Tamil Nadu, Delhi and Kerala states were recorded the highest levels of aflatoxin M1 with 88 samples out of 551 samples, 38 samples out of 262 samples and 37 samples out of 187 samples respectively.
FSSAI also underlined in its study that the problem on aflatoxin M1 was more dominant in processed milk rather raw milk.
Madhya Pradesh, Maharashtra and Uttar Pradesh (UP) were the top three states with highest levels of antibiotics residues. Madhya Pradesh tops with 23 samples out of 335 samples, Maharashtra with 9 samples out of 678 samples and UP with 8 samples out of 729 samples. Only one raw milk sample in Kerala was found to contain pesticide residue above the permissible level.
The study further revealed that 77 (out of 6,432) samples, that 1.2 % of the samples had residues of antibiotics above the permissible limits.
This is the first time that a quantitative analysis of all samples that failed on account of adulterants and contaminants has been done. The level of adulterants and contaminants in failed samples is not high, therefore unlikely to pose serious threat to human health, FSSAI said in a statement.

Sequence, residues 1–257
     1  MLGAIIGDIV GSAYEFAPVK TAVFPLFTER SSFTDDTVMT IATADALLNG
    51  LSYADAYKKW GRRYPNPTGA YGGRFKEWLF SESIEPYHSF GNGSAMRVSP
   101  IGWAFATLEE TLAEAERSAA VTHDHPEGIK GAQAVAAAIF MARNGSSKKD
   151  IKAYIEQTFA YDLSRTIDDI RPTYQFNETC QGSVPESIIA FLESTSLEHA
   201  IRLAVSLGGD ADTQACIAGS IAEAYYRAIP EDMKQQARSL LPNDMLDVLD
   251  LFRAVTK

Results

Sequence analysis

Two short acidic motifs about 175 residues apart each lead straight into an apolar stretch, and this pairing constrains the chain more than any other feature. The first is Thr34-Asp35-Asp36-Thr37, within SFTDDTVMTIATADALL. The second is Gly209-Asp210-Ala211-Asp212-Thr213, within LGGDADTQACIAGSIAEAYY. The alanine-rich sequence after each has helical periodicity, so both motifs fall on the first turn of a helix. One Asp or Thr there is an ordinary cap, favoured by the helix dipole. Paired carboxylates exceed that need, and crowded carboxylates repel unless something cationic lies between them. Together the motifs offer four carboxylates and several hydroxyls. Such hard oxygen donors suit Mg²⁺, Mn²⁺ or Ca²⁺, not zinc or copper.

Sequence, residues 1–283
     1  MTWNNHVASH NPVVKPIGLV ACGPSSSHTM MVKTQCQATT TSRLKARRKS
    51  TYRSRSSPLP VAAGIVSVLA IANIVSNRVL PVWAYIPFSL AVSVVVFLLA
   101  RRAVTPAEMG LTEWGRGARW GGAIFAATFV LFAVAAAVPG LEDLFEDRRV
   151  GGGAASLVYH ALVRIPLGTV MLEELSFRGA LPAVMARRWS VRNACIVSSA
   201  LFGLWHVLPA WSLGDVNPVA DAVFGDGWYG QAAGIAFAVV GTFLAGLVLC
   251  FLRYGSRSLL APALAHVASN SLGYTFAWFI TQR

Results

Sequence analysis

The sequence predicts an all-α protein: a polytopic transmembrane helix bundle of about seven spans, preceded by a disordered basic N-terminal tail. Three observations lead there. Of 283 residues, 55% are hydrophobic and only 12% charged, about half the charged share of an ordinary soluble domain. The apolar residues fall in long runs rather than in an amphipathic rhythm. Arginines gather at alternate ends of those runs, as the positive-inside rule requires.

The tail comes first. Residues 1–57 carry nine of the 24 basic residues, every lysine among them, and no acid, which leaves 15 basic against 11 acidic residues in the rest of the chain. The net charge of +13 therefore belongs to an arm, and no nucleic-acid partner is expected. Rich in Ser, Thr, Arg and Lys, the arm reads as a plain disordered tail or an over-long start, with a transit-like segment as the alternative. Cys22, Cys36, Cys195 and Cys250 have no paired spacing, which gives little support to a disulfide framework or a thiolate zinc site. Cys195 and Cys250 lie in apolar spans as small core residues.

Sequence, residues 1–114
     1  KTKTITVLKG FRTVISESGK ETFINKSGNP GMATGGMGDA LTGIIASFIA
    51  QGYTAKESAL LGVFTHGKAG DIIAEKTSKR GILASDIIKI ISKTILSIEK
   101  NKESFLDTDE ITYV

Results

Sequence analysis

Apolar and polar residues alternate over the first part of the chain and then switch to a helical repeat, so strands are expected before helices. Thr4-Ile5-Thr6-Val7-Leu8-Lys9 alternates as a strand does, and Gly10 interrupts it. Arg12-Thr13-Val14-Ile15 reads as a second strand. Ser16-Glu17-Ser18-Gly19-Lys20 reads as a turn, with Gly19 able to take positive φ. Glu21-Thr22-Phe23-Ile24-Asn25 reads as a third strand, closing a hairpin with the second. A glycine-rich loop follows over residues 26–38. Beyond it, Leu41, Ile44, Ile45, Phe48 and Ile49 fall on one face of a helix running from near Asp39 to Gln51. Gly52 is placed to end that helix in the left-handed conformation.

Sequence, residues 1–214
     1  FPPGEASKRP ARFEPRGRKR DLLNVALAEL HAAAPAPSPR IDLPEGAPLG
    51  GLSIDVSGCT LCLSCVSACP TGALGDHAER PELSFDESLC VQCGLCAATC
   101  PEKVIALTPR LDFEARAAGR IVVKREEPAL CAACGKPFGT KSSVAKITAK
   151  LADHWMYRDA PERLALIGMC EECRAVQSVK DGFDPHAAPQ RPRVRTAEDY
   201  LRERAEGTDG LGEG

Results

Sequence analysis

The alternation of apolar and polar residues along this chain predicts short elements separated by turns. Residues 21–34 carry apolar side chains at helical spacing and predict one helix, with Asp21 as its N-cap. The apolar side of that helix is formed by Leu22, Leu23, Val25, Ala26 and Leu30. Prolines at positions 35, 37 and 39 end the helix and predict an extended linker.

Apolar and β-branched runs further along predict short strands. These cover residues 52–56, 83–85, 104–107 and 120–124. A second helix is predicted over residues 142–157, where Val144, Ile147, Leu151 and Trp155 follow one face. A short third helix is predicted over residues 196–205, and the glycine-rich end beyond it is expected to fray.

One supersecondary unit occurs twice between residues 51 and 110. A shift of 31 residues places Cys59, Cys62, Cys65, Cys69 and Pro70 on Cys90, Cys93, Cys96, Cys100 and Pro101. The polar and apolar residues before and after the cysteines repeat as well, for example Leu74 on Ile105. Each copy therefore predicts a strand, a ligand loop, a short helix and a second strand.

FSSAI also stressed that it is committed to zero tolerance for any adulteration and contamination of milk.
The detailed study will help the authority to identify hot spots, so that more intensified efforts for surveillance and enforcement could be taken up in such areas.
FSSAI has recently discussed the study with stakeholder and there was a unanimous view that incident of spurious milk as reported in the media are restricted to few areas and are occurs during festival times when there is large demand-supply gap. Such incidents can only be tackled by having strict vigil in such areas. During the stakeholders’ group meeting talks on ammonium sulphate took place. Its presence in the milk is absolutely safe and not a contaminant as earlier thought. It was noted that ammonium sulphate is allowed as an additive in certain foods in several countries. Overall, above 93% of the samples which is 5976 (out of 6,432) samples were found to be absolutely safe for human consumption.